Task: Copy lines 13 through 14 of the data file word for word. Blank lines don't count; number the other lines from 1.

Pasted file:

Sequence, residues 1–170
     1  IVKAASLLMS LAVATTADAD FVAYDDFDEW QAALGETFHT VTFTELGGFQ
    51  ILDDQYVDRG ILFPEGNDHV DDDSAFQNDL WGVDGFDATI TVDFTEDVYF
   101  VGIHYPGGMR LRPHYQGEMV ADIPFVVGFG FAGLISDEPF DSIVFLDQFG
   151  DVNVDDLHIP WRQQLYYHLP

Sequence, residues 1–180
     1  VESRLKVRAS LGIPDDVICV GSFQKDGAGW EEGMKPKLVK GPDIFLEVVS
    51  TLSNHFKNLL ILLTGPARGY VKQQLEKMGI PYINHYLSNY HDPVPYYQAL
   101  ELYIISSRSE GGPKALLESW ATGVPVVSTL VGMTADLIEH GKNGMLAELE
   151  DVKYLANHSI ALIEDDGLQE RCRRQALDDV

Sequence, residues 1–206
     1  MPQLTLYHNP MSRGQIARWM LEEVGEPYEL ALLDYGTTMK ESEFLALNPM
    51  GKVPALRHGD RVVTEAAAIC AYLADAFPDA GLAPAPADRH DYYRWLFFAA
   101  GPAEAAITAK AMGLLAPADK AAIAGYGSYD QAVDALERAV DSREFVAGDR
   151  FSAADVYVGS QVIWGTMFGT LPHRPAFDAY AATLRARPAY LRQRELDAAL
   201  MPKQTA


    51  GKVPALRHGD RVVTEAAAIC AYLADAFPDA GLAPAPADRH DYYRWLFFAA
   101  GPAEAAITAK AMGLLAPADK AAIAGYGSYD QAVDALERAV DSREFVAGDR